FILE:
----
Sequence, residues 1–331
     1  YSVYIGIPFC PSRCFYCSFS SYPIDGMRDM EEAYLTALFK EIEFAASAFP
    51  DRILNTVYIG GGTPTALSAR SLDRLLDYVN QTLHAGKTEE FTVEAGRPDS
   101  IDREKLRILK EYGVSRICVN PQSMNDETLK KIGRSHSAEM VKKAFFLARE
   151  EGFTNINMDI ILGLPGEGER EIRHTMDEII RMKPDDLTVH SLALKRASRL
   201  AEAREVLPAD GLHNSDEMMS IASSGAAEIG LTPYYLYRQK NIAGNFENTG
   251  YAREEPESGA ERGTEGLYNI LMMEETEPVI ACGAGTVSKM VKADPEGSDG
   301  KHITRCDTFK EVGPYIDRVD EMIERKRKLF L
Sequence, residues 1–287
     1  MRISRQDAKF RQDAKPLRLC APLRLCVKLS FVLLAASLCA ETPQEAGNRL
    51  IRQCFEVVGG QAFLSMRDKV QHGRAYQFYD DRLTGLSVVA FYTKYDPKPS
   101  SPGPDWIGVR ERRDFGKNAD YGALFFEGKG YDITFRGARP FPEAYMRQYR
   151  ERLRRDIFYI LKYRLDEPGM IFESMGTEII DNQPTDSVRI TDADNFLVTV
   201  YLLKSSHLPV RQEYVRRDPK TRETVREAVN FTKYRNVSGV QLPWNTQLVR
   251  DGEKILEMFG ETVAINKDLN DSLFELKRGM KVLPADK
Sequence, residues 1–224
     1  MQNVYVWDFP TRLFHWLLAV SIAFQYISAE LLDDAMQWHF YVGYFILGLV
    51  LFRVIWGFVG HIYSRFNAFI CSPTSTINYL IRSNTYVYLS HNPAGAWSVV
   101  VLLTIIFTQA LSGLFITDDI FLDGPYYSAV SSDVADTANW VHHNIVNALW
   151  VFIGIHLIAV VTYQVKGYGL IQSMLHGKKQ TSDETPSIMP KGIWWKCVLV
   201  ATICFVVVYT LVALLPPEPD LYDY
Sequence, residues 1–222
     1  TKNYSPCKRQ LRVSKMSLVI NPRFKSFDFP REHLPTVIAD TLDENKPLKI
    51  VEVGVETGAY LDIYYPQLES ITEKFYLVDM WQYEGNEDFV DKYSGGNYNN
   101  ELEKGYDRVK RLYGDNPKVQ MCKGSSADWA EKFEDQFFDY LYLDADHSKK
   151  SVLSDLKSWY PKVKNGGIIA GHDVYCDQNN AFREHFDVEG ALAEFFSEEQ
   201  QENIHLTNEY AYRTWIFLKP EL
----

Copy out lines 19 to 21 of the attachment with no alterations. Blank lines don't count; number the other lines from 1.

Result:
   101  VLLTIIFTQA LSGLFITDDI FLDGPYYSAV SSDVADTANW VHHNIVNALW
   151  VFIGIHLIAV VTYQVKGYGL IQSMLHGKKQ TSDETPSIMP KGIWWKCVLV
   201  ATICFVVVYT LVALLPPEPD LYDY